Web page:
In the present study, ameloblastoma was the most common tumor (28.2%), which is consistent with the Nigerian [4],[5],[6] European,[11] and Chinese studies [9],[10] KCOT constituted the second (25.8%) most common tumor followed by odontoma (19.9%). The frequency of KCOT concurs with the report by Jing et al.[9] The frequency of Odontomas was relatively high compared to other African studies,[4],[5],[6],[7],[8] but low in comparison to American reports.[13] The frequencies of ameloblastoma and odontoma are consistent with the report by Olgac et al.

There was an almost equal sex predilection in this study (M:F = 1.2:1), which was similar to Nigerian studies,[4],[5] but in contrast to female preponderance from Hong Kong, Chile, Mexico, Brazil, and Estonia.[14],[15],[16],[17]

OTs showed a marked preference for mandible in this study (2:1) and Nigerian series [4],[5],[6],[7] however, American and European studies showed a predilection for maxilla.[11],[12],[13] The marked prevalence to mandible is believed to be due to the high incidence of Ameloblastoma.

The frequency of ameloblastoma was between 11 and 24% in Caucasians [13],[14] while among black Africans, it accounts for 66–99%.[2],[6] When 1992 classification was used, ameloblastoma constituted 38% of the OTs in the present study.

The peak incidence of ameloblastomas was in the third decade, and the mean age was 29 years, which concurs with other African findings.[4],[5],[6] The male predilection observed in this series is in line with the Nigerian study,[7] but differs from studies from Turkey [11] and South America,[15] in which female predominance was reported.[9]

The 2005 WHO classification considered parakeratinised odontogenic keratocyst as benign OT tumor derived from odontogenic epithelium due to its aggressive nature and recurrence rate, and it is now termed KCOT.[1],[18] Of the 32 OKCs retrieved in total, 22 (68.8%) were parakeratinised. The study by Jing et al.[9] reported 91.1% of the odontogenic keratocysts comprised parakeratinised epithelium (KCOT). KCOT was the second (22.5%) most common tumor, with a male– female ratio 1.2:1. KCOT showed a predilection for mandible with a maxilla-mandible ratio of 1:1.6. The results were consistent with the Chinese study,[9] which was also based on the latest classification.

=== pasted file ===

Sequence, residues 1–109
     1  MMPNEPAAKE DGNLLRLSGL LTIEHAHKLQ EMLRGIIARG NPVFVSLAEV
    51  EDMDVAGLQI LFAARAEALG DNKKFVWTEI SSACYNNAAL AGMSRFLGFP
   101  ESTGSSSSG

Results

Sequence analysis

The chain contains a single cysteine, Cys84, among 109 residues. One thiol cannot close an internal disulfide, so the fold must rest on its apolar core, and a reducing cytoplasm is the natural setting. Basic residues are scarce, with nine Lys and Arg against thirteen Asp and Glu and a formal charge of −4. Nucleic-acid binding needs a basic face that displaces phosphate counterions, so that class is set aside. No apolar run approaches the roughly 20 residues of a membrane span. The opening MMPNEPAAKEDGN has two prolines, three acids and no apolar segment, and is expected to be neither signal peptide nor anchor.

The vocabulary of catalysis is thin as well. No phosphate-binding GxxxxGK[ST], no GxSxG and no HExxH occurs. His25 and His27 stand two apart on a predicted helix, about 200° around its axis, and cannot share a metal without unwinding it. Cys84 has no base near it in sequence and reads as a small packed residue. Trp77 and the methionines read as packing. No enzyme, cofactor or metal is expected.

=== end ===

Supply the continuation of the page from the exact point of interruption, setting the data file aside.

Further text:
The mean age of compound odontoma was 23.3 years and that of complex odontoma 17.7 years which are not in agreement with other reports, where the mean age of compound odontoma was lesser than complex odontoma.[9],[11],[12],[15]

Two cases of AOT were reported, both in the maxilla and before the age of 30. The occurrence of tumor in a younger age group was also shown in other reports.[4],[5],[8],[12],[15],[16]

In 2005, calcifying odontogenic cyst was reclassified into categories: Calcifying cystic odontogenic tumor (CCOT), a benign cystic neoplasm characterized by an ameloblastoma-like epithelium with ghost cells that may calcify. Dentinogenic ghost cells tumor (DGCT) histologically constituting ameloblastic epithelium with mature connective tissue and ghost cells, in association with dysplastic dentin; and ghost cell carcinoma which is a malignant variant of CEOT and DGCT. Clear cell OT is now termed clear CCOC.

In this study, there were six cases of CCOT with a mean age of 28 years and the maxilla–mandible ratio was equal. The male preponderance of the tumor was similar to series by Jing et al.[9]

Odontogenic myxoma was the second most common tumor in the sub-Saharan population.[4],[6],[8] In our study, odontogenic myxoma comprised 7% of all tumors and were similar to the frequency seen in previous reports.[5],[8],[9],[15] The tumor shows a predilection for mandible similar to the reports by Nigerian series,[5],[7] but other reports have recorded predilection for maxilla.[11],[14],[16] Although most reports suggest a female predilection of the tumor, it is interesting to note that in our study odontogenic myxoma is seen predominantly in males (5:1).

Ameloblastic fibroma constituted 2.3% of all OTs, which was consistent with reports from other series,[4],[5],[6],[7],[8],[9],[11],[13],[14],[15] but not with that of Estonian study [2] (16%).

Other tumors seen in this study with low frequency are CEOT, cementoblastoma, and central odontogenic fibroma.

The incidence of malignant OTs was significantly high in Sub-Saharan African series [5],[6],[7] and Chinese studies.[9],[10] Our study reported one case of malignant tumor (1.1%), and when 1992 classification was used for comparison, the frequency was 1.5%. The rarity of the malignant tumors was in agreement with American [13],[14],[15],[16] and European series (0.1–1.1%).[11]

The incidence of OTs in this Libyan population is similar to studies from Turkey [11] and Brazil,[15] rather than aligning either to Sub-Saharan or Caucasian populations. Due to an altered pattern of incidence in select populations, further studies are encouraged to ascertain the similarities in the genetic pattern of different geographic locations and racial populations.

Financial support and sponsorship


Conflicts of interest

There are no conflicts of interest.